Rappahannock Academy May 11th 1824.
Pardon the liberty which I take, in submitting to your perusal the pamphlet by which this letter is accompanied, and which I have recently received from it’s author, my friend and countryman Mr Sampson of New-York, whose name & character are not, perhaps, altogether unknown to you, judging by the various extracts from your letters, in reply to those addressed to you from all quarters, which appear almost daily in the news-papers, I doubt not that your table is already overloaded with a multitude of new publications, upon the merits of which your opinion is solicited, nor indeed should I now presume to trespass on your time, but that I consider the subject of Mr Sampson’s address of considerable importance to our country, and I know that for your judgment in all matters, which concern the public welfare, whether of a political, or legal nature the author entertains the most profound respect.
To apply the pruning knife to the common law, some part of which prevails in every state of the Union, except Louisiana, for the purpose of removing its excrescences, and by reforming it, to establish a more rational system of juris–prudence, seems to be a work that ought to be approached with the utmost caution, and would require in it’s execution, the exercise of all the wisdom, virtue, and patriotism, amongst us, to draw the public attention to this point, is the object the Author has in view, and it appears to me, that if reform in the common law be necessary, no period can be more favorable for proposing such a measure in Va than the present, when strong indications are manifested by the people, of a wish to revise and amend the constitution.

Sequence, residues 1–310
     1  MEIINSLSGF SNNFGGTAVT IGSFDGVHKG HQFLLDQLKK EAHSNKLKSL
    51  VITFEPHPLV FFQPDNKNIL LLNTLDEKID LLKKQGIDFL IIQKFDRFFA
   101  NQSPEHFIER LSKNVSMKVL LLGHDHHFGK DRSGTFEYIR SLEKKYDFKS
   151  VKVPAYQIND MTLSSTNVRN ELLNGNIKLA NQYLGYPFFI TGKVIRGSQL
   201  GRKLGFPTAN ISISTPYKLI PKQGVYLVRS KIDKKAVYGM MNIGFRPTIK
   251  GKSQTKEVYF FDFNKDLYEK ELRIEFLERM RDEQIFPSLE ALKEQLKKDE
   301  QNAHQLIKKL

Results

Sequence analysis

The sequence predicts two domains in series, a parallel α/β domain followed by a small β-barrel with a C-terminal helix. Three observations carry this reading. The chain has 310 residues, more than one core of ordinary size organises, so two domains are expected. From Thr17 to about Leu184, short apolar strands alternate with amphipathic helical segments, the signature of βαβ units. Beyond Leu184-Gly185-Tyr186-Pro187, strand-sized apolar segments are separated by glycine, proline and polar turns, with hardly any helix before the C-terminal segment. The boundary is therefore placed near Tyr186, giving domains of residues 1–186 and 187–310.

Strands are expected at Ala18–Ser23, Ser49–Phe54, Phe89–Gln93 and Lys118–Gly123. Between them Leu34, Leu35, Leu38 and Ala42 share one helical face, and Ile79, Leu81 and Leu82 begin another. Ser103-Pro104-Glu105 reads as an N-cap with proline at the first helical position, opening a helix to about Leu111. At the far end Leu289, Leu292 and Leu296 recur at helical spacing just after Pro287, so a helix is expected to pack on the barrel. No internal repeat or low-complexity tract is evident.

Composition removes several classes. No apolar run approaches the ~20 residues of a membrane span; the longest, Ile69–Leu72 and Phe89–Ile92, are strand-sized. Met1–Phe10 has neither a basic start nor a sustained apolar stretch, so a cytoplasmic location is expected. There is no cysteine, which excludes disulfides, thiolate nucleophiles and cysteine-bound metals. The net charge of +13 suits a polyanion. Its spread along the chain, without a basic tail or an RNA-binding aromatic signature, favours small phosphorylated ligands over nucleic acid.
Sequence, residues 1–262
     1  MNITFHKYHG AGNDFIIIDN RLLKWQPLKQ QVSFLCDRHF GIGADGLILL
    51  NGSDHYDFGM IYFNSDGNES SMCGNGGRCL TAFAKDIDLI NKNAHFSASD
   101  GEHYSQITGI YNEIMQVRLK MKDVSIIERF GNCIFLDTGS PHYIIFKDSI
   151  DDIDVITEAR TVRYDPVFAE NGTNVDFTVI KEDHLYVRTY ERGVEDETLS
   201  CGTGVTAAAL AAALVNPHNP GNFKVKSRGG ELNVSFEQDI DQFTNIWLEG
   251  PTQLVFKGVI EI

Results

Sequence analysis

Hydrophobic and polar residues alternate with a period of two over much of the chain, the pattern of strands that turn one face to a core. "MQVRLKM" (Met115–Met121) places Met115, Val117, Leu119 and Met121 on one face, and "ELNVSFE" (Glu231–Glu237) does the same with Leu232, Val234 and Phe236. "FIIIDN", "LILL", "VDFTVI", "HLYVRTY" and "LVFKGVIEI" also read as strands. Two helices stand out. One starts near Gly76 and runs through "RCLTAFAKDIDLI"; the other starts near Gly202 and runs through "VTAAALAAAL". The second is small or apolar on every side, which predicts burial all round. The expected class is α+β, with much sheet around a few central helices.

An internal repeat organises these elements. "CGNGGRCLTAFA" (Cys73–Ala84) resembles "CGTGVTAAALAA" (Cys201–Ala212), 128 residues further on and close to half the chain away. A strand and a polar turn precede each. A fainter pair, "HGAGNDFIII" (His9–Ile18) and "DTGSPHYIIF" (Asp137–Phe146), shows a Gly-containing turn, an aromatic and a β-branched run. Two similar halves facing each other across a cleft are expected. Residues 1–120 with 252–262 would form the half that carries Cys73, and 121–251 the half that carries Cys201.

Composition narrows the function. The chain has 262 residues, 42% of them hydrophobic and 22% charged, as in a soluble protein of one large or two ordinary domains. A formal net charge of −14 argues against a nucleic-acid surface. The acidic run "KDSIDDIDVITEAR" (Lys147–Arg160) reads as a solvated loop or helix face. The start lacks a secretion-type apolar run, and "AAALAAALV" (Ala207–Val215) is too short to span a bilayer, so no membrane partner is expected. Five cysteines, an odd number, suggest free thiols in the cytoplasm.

The little work which I send, will, I doubt not, recommend itself to you, as possessing a considerable share of learning, and some wit, and this consideration alone will, I trust, induce you, to take the trouble to read it, and to say whether you think the common law, as it stands in Va ought to undergo any change, and if so, whether the present be a proper time for such innovation
PS—Whenever the Visitors of the University, of which you are rector, shall have determined on the preparatory course of instruction, which Candidates for admission into the institution, will be required to undergo, I trust I shall not be considered impertinent in saying, that I should w[. . .] to be made acquainted with it as I have several pupils, at present, under my care who will present themselves for entrance, as soon as the University is in operation.—
DLC: Papers of Thomas Jefferson.